The Rh blood group system consists of 49 defined blood group antigens, among which the five antigens D, C, c, E, and e are the most important (9,10). Anti-D, anti-C, anti-E, and anti-e have all been involved in haemolytic transfusion reactions, particularly delayed reactions (11, 1, 2). The clinically important Rhesus antigens C, c, E and e are the result of RhCE protein changes at only five amino acid locations (12, 13, 14).
Report in literatures shows that the Rh antigen C, c, E, and e are not so immunogenic but are highly important in patient care upon the development of the corresponding antibody (2). Beside their importance in blood transfusion and haemolytic disease of the newborn, the physiological function played by this protein can only be speculated as been involved in the transportation of ammonium across the RBC membrane and the maintenance of the integrity of the red cell membrane (15).
The MNS nitrogen system is a human blood group system based upon two genes (glycophorin A and glycophorin B) on chromosome 4 (10). There are currently 46 antigens in the system but the five most important are called M, N, S, s, and U (16, 10). The MN blood group system is under the control of an auto social locus found on chromosome 4, with two alleles designated Lm and Ln. The blood type is due to glycoprotein present on the surface of red blood cells, which behaves as native nitrogen. Phenotypic expression at this locus is codominant because an individual may exhibit either one or both antigenic substances. Frequencies of the two alleles vary widely among human populations (17).
Research shows that the anti-N is sometimes seen in dialysis patients, due to cross-reactions, with the residual formaldehyde from sterilizing the equipment. This is usually irrelevant in transfusion since this variant of the antibody does not react at body temperature (18).
Following paucity of information on the occurrence and percentage distribution of Lewis B, Rh-e, N blood group antigen amongst descents of Bonny, it is therefore, necessary to carry out serological identification of Lewis B, Rh-e and Nantigens in other to access the percentage expression of these antigens are in the population. This will enable medical Scientist, Blood bank facilities within the kingdom to possibly associate their occurrence with disorders (especially haemolytic disease of the newborn, transfusion related reactions), project for the stocking of negative compatible blood for transfusion. This work is thus aimed at determining the percentage expression of Lewis B, Rh-e, N and ABO blood group antigens in descents of Bonny Kingdom Rivers State Nigeria.
Materials and Methods
Study Design and Population
This cross-sectional study involved one hundred and twenty (120) apparently healthy subjects consisting of sixty (60) females and sixty (60) males aged between 18-50 years all indigenes of Bonny Kingdom recruited by structured questionnaire for the study.
Four millilitres (4mls) of Venepuncture blood sample was obtained aseptically from the antecubital fossa of each participant with the use of vacutainer containing 0.5 mL of 1.2 mg/mL of dipotassium ethylene diamine tetra-acetic acid (EDTA) and mixed by gentle tilting for the serological determination of Lewis B, Rh-e, N and ABO blood group antigens respectively.
Materials and Methods
Determination of ABO Blood Group Using Tube method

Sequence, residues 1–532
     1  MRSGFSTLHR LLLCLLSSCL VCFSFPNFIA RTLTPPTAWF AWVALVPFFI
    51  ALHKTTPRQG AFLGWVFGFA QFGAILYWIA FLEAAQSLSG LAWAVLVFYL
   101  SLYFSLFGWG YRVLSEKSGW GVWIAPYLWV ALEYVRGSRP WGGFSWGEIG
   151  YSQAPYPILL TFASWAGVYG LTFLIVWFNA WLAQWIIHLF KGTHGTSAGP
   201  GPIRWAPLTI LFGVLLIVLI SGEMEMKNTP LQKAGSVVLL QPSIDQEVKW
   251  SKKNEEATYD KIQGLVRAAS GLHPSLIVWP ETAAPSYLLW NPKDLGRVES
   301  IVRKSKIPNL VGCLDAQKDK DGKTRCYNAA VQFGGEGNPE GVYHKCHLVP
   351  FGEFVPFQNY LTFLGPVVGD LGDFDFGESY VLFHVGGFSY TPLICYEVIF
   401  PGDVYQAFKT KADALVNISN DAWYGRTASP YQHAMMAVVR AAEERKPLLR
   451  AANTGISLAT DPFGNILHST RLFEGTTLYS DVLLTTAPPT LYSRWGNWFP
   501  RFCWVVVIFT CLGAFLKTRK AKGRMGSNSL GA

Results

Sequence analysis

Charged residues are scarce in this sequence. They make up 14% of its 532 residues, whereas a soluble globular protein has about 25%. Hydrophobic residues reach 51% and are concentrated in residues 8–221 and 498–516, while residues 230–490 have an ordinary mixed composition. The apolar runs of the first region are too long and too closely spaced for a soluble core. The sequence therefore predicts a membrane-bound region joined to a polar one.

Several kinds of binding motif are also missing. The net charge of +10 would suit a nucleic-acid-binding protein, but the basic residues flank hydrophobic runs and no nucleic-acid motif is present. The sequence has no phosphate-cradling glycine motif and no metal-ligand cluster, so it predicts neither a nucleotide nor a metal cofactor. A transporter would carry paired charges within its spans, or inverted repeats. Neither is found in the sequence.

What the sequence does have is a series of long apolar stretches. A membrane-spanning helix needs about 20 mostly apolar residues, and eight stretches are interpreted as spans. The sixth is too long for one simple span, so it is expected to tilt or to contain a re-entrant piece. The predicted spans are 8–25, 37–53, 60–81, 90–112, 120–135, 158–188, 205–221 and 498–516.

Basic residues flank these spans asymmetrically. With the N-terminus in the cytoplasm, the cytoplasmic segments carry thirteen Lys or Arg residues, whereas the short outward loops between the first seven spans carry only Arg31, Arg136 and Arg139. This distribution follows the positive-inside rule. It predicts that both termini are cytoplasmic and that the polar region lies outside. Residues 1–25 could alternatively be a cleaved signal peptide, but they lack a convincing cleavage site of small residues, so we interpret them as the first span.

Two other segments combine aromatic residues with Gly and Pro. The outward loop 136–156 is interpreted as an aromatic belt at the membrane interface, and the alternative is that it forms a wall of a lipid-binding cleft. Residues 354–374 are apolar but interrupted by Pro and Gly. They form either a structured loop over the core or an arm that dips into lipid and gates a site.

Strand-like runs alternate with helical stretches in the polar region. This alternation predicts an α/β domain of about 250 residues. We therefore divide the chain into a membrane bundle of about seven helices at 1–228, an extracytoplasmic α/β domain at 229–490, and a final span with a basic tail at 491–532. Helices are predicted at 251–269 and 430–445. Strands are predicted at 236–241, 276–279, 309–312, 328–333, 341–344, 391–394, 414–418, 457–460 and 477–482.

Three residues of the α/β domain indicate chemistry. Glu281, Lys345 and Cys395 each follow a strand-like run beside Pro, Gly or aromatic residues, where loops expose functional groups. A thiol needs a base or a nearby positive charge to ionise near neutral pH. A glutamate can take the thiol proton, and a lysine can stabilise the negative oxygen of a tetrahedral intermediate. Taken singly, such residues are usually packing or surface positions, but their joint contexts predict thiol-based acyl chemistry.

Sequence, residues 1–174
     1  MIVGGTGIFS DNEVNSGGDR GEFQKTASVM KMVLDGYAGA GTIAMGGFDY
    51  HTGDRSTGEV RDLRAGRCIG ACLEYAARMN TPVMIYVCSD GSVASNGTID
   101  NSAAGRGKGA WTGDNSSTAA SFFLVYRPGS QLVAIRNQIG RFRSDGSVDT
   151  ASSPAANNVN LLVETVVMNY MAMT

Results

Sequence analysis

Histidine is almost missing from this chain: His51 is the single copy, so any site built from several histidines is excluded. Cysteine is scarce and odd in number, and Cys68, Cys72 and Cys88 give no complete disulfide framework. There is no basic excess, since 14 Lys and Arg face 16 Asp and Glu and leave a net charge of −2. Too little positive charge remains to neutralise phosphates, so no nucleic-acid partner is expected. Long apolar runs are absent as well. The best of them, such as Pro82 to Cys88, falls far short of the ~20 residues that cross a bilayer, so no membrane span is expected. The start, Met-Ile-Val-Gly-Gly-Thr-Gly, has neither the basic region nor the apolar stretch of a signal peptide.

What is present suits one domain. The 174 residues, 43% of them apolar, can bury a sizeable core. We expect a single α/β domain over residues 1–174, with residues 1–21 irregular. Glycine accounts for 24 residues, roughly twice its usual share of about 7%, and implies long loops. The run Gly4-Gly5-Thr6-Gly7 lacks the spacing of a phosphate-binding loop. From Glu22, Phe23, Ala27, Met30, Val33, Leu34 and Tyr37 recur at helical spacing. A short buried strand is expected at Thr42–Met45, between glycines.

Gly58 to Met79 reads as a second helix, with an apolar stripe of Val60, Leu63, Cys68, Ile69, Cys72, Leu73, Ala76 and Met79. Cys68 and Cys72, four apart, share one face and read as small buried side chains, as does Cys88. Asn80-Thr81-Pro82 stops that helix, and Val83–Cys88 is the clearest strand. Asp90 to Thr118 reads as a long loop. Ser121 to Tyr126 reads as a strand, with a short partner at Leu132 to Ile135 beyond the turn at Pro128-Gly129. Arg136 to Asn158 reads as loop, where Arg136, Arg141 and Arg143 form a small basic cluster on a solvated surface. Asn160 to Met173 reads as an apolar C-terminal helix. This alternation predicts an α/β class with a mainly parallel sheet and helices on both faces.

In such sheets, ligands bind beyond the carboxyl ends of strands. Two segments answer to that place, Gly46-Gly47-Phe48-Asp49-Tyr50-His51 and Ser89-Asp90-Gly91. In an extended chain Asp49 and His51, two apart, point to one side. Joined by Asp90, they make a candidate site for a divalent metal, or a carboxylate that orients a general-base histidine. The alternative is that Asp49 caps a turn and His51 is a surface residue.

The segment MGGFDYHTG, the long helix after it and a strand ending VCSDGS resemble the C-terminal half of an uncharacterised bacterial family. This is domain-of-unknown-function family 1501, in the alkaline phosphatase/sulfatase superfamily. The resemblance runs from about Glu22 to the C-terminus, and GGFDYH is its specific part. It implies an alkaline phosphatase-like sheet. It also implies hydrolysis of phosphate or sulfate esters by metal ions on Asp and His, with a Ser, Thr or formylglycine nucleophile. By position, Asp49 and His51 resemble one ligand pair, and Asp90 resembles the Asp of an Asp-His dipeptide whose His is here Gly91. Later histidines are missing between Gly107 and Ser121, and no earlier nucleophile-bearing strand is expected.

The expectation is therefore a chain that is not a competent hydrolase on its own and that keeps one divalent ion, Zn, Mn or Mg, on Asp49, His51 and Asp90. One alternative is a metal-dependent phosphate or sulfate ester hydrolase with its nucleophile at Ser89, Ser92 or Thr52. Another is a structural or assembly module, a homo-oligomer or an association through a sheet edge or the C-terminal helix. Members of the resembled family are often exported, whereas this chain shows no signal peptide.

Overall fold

Red blood cells were phenotyped for A, B, AB and O antigens according to standard serologic protocol (tube method).
Determination of Lewis-B, Rh-e and N Blood Group Antigen Using Anti-leb, Anti Rh-e and Anti- N Monoclonal, Lorne Laboratories Microtitre Agglutination Techniques
Phenotyping of red cells was done using Micro-titre Agglutination technique as describe by Lorne laboratory Ltd. A 5% suspension of red blood cell was prepared using normal saline. 20ul of anti-Leb, anti-Rh-e and anti-N antibodies were added unto separate micro-titre plate, and 20ul washed red cell was added into the micro-titre plate containing the anti-Leb, anti Rh-e and anti-N antibodies. The sample was incubated for 15minutes with intermittent rocking and observation for agglutination every 30 seconds. If no agglutination found after 30miutes 20ul of LISS antibody was added and observed for 15-30 minutes, if no agglutination, the sample was placed in a slide under the microscope and examine microscopically for agglutination. Presence of agglutination indicates a positive result and absence of agglutination indicates negative result.
Data collected was statistically analysed by simple percentage calculation and data presented in Tables.
The study population consisted of a total of 120 apparently healthy Bonny indigenes, 60 males and 60 females aged between 18-50 years. 60 (50%) males and 60 (50%) females as shown in Table 1. Frequency distribution of ABO blood group amongst the Study population is shown in Table 2. 22(18.3%) [14(11.6%) males and 8(6.7%) females] typed positive for A antigens, 17 (14.2% [9(7.5%) males and 8(6.7%) females typed for B antigens, 2(1.6%) all females typed for AB antigens and 79(65.8%) 35(29.1%) male and 44(36.7%) typed for O antigens in the population. The frequency distribution of Rh-e Blood Group amongst the study population is shown in table 3 One hundred and thirteen (113) subjects from the total population (120) had Rhesus-e blood group which represent 94.17%. Out of the total population, fifty five (55) subjects who had Rh- e blood group were male while fifty eight (58) subjects were female. This represents 45.83% and 48.33% respectively. For the N Blood Group 7.5% frequency was obtained (9) subjects from the total population studied. Of the 9 persons four (4) were males while five (5) were females representing 3.3% and 4.2% respectively. Five (5) subjects from the total population had blood group Lewis B. This represents 4.16% and of this, three (3) were males while two (2) were females thus representing 2.5% and 1.7% respectively (Table 3)